A picturesque Fishing village in the borough of Scarborough. Staithes was once one of the largest fishing ports in the north east, but now has settled comfortably into being a gorgeous tourist destination.
The name of Staithes comes from the Old English word for landing place. This is most likely due to Staithes being such a good port, with its imposing cliff sides and sheltered harbour. The village did not develop until the 15th century, and only then it started out as a landing site for another small village. By the Tudor period Staithes had developed an active shellfish industry. Over the following two centuries this fishery developed until by the early 19th century Staithes became the largest fishing port north of The Wash. At the turn of the 20th century there was a fleet of around 80 full time fishing boats utilizing Staithes harbour. A hundred years on only a handful of part-time fishermen still persist. There is a long standing tradition of using a traditional fishing vessel of the North East known as the Coble.
Originally the Coble used a distinctive lug sail and had a flat bottom to allow for the launching and landing upon shallow beaches. The use of sails has fallen out of favour in modern times for the more easy to use diesel engines, a concession to comfort. Locals traditionally custom built the Cobles with the craftsmanship giving the boats a long working life and making them extremely suitable to the dangerous North Sea. The design of these ships have relics of Norse influence with an obvious Dutch influence.
Seamen of Staithes
The men of Staithes became renowned for their astounding seamanship. This was due to the necessity of them being good sailors to survive the treacherous North Sea conditions. Unfortunately, that skill made them a common target for the Royal Navy’s press-gangs. These gangs of men could legally abduct people and force them to join the Royal Navy. Many Staithes fishermen suffered this fate, with a large number of pressed men from the area dying at the battle of Trafalgar. Another large amount ended up in the Americas after Commodore John Paul Jones kidnapped a large number in 1779 and brought them back to the US.
The Streets of Staithes
Staithes has numerous narrow streets and passageways. With one particular street reported to be the narrowest alley in the world at just 18 inches wide. In 1997 Royal Mail were encouraging the occupants of Staithes to number their houses. This was to remove the need of relying on the houses classical names. Royal mail stated this would aid efficiency of their postal machines. This also helped stop the confusion of Relief postal workers. Who, unfamiliar with the area became lost with the named housing system.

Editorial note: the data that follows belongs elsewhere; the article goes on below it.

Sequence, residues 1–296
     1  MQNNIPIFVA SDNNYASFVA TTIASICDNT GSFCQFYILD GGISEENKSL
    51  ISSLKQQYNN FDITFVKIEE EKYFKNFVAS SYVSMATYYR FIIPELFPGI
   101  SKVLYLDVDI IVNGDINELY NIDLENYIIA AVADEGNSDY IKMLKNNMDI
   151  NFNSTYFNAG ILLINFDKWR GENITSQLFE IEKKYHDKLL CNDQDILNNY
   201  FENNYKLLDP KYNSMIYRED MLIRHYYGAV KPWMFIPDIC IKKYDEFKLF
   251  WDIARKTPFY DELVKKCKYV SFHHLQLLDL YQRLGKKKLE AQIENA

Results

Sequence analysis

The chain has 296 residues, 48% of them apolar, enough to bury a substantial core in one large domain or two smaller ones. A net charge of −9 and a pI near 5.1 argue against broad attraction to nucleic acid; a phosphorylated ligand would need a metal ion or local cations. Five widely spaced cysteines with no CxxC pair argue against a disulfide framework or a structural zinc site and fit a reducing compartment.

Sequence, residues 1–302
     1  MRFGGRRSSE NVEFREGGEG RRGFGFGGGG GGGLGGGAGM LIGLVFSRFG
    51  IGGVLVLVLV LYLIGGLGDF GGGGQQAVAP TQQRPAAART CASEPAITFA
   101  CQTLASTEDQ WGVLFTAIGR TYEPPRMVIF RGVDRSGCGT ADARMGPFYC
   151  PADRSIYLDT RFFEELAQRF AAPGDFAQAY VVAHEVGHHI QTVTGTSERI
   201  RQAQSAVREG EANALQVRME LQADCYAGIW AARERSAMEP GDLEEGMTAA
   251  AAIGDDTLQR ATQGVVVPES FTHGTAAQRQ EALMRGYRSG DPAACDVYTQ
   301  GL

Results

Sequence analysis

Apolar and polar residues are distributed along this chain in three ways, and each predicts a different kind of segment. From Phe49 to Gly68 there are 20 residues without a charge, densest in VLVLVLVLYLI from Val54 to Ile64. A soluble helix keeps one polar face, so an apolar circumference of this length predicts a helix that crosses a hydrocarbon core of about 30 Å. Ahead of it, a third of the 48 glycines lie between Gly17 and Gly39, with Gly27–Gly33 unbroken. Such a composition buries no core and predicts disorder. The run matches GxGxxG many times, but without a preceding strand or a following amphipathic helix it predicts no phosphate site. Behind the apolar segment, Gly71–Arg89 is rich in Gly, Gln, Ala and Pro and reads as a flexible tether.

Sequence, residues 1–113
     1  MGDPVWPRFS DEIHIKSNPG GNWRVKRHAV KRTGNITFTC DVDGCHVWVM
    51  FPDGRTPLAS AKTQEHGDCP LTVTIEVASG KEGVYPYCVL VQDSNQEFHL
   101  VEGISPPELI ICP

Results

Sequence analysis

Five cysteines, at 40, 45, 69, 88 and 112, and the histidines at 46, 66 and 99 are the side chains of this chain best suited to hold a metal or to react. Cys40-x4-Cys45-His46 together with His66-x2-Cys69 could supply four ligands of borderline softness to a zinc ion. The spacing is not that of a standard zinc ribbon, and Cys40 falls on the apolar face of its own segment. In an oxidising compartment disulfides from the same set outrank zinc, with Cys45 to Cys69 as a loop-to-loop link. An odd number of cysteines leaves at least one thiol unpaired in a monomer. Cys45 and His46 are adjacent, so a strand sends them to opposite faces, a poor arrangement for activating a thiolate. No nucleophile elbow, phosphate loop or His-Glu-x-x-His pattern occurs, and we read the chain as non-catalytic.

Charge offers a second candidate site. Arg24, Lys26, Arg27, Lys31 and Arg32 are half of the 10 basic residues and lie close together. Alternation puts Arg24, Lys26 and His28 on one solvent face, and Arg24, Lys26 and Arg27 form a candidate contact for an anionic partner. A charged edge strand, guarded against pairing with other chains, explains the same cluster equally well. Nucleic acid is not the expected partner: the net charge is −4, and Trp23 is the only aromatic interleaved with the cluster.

James Cook influence
In 1745 – 46 Staithes’ most famous resident, James Cook worked in Staithes as a grocer’s apprentice where he first gained his passion for the sea. Without his time in Staithes James Cook most likely wouldn’t have gone on his voyages at all. Remnants of Cook’s time in Staithes can be seen in many of the tourist attractions of today including the Captain cook and Staithes Heritage Centre. This Centre is a recreation of the shop in which James Cook worked during his time in the town. The museum contains over 200 books, engravings, letters, medals and more. The Centre aims to provide an insight into his incredible life and career, as well as into Staithes itself. There is also the Captain Cook’s Cottage and the Captain Cook Inn that both continue the trend.
Staithes now is a destination for geologists researching the Jurassic era in the strata in the cliffs surrounding the village. Found in the early 1990s after a rockfall, the remains of a sea reptile were discovered. The fossil has been the focus of an ongoing project to remove the ancient bones of the creature.
The permanent population of the village has dwindled in recent times. This is due in part to more than half of the houses being acquired as second homes or holiday homes. The time weathered old Staithes’ traditions are beginning to disappear. However, there is still active local participation in the local RNLI Lifeboat Station and crew. To celebrate its place in art history, Staithes held a festival of arts and heritage in 2012. Many of the places in the town opened their doors to the public as pop-up galleries creating an art trail through the village.